A loaf of sourdough Smittybread
A loaf of sourdough Smittybread

The baking is definitely the bottleneck, but on the plus side I am getting very familiar with the slight differences in volume, shape, and texture that occur when loaves are baked too soon, too late or just at the right time. I am also learning how to schedule production so that when the ovens are warming up to 475 F I’m being productive; when the loaves are baking, I’m measuring and mixing or shaping, etc. In fact, my goal in selling at the farmers market is working toward the bigger goal of learning what customers want and how to produce it consistently so that someday I can open my own bakery.

This past week I was able to increase production with slight adjustments in timing and oven usage. I also received some good advice from Jeffrey Hamelman at King Arthur Flour regarding alternative approaches to retarding levain so I can build it once and use it at different times of the day. It’s no big secret — refrigeration — but I was trying to keep my levain fresh by feeding it, which requires more guesswork (not to mention more flour!)

This week I plan on adding an external temperature-controlled relay to a two-door refrigerator so that it consistently stays at 50 degrees, which is an optimum temperature for overnight retardation of sourdoughs. Assuming that task succeeds, I’ll be able to boost production without increasing my lead time before sale. I think another 12 or 15 loaves should do the trick. We’ll see next week!

Sold out!

Joshua “JB” Farrell (right) and I survey the West Lafayette Farmers Market about an hour after opening. (Photo by LaDonna Vohar)

My first day at the West Lafayette Farmers Market was busy, rewarding and exhausting. The short version of the story is, we sold out of bread in about two hours. Luckily we still had some samples and business cards to share with customers who showed up after the hearty loaves were gone. And I walked away with renewed confidence in my baking skills and knowledge of what to do differently next time to become more efficient and make more customers happy.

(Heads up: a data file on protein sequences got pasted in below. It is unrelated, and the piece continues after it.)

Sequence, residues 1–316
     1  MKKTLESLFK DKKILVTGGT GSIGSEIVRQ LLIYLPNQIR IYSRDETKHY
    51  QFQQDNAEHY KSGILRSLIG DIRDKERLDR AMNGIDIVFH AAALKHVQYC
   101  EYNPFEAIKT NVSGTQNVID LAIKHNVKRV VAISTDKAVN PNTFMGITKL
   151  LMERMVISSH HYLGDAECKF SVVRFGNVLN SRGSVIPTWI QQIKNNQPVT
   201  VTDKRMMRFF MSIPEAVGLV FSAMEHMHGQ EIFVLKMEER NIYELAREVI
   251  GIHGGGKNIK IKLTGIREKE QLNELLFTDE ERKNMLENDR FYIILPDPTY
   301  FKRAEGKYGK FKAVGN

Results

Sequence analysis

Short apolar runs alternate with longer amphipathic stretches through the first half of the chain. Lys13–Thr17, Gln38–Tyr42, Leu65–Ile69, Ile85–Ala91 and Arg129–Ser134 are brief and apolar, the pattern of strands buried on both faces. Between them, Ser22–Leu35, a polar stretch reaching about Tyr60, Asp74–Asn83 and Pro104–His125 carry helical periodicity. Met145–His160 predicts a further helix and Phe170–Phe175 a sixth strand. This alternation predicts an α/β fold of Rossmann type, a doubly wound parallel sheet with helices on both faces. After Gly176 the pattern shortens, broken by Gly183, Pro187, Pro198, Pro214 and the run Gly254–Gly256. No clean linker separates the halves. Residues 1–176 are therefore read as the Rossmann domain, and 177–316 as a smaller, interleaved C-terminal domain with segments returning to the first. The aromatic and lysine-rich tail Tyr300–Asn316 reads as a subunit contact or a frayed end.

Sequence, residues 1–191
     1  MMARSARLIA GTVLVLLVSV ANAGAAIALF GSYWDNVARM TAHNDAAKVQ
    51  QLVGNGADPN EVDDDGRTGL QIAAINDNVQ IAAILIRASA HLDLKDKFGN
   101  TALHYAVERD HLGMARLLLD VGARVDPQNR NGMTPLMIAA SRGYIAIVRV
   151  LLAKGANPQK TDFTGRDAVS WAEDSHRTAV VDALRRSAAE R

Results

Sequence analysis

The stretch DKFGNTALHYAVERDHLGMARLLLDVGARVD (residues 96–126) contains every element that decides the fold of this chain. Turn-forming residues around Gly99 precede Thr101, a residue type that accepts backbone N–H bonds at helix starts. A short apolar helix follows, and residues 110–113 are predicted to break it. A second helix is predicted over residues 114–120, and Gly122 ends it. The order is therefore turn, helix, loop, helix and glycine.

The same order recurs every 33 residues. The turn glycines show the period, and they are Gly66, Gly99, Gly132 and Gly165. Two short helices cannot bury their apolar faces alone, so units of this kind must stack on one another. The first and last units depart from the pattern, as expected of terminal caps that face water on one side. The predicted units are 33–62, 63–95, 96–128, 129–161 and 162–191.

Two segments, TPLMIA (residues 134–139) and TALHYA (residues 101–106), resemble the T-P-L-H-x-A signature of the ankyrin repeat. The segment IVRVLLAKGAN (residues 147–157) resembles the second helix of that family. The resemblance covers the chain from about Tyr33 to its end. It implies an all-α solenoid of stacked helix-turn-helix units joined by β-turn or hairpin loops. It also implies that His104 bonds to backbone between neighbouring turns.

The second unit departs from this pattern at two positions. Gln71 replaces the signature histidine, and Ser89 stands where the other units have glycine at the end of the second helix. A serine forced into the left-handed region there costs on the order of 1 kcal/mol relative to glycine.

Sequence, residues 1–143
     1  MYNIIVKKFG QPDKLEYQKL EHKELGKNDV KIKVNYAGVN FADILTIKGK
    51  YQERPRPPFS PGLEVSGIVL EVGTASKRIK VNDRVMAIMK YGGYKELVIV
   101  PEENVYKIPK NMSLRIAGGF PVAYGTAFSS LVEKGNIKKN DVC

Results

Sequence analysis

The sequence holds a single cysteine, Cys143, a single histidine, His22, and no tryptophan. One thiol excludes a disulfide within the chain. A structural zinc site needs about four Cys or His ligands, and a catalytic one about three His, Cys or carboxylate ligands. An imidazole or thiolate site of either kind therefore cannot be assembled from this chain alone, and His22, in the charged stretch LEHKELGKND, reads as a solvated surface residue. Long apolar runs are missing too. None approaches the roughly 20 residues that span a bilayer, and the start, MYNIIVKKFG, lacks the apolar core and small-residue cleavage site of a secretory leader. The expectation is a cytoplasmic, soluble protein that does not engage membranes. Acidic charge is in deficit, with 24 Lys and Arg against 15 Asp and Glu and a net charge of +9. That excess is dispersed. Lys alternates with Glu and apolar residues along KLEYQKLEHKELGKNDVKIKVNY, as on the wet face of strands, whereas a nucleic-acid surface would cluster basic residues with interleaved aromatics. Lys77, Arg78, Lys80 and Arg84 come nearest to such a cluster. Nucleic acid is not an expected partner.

Selling out is a gratifying but slightly embarrassing thing. I’m sure there were some who wondered why we would show up with not enough product to sell. Truth is, I wasn’t sure we would find as many customers for hearth-style sourdough breads as we did. I’ve been sharing and sometimes selling breads to enthusiastic family and friends for the past several months, but the general public? I had a notion we would sell some bread but hardly expected the enthusiastic response we received. The 32 loaves and 24 “pocketbreads” I brought to market were gone before I had a chance to take a decent picture!

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Fresh pain au levain loaves loaded in the car and ready for market. (Photo by David “Smitty” Smith)

First, I have to thank all my family and friends who helped me the past few weeks get everything ready to go, especially my wife, Kathleen, who has been my constant companion and moral and financial support as I pursue this passion. Also thanks to her son, Josh, for helping set up my first booth and for being a super salesman. To LaDonna, for making graphics, sewing bread basket liners and procuring business cards at the last moment. To Johnny, for logistical support (a Hobart mixer ain’t light!). And to Fergus, Bev, Gretel, Tom, Mary, Dave, TJ, Jennifer, Chris, Brent, Chuck, Richard, Kurt and many others whose appreciation for hearth breads (mine in particular) has kept me going.

See you at next week’s market!

What is Smittybread?

Hi. I’m Dave Smith, and Smittybread is my hobby, my passion and, if all goes according to plan, my livelihood in the not-too-distant future.

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Smitty’s LaFayette sourdough

For the past few years I’ve been spending increasing amounts of time in my kitchen handcrafting breads of all kinds, a passion that eventually led to sourdough breads. I’m not just talking about tart San Francisco-style sourdough bread that makes your lips pucker but about a family of breads that rely on naturally occurring yeasts for their rising power, their complex flavors and their remarkable texture and color.

I make other breads too, such as ciabatta, pizza, French baguettes, butter rolls and burger buns, and laminated pastries such as croissants and Kouign-Amann, a personal favorite. But sourdough is one that wakes me up in the middle of the night thinking “How can I improve this formula?” or “Did I remember to feed the starter?” Every loaf is a little like a child: unique, imperfect, intrinsically valued. But unlike children, you can eat them, give them away or sell them.

I hope to someday soon begin offering Smittybread to a wider circle than just my close friends and family — through farmers markets, roadside stands or by subscription. If the market is favorable, perhaps a bakery cafe is just around the corner. Hey, if you can make bread outta nothing but a little flour, water, salt and freely occurring yeasts, anything is possible.

Stay tuned to this website for more Smittybread news. Until then, let’s get something started!

Smitty